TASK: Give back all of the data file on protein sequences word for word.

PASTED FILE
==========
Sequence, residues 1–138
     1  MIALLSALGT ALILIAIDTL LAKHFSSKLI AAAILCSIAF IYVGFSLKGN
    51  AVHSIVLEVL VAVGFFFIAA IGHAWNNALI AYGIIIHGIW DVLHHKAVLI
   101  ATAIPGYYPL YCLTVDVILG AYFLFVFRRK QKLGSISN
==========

Sequence, residues 1–138
     1  MIALLSALGT ALILIAIDTL LAKHFSSKLI AAAILCSIAF IYVGFSLKGN
    51  AVHSIVLEVL VAVGFFFIAA IGHAWNNALI AYGIIIHGIW DVLHHKAVLI
   101  ATAIPGYYPL YCLTVDVILG AYFLFVFRRK QKLGSISN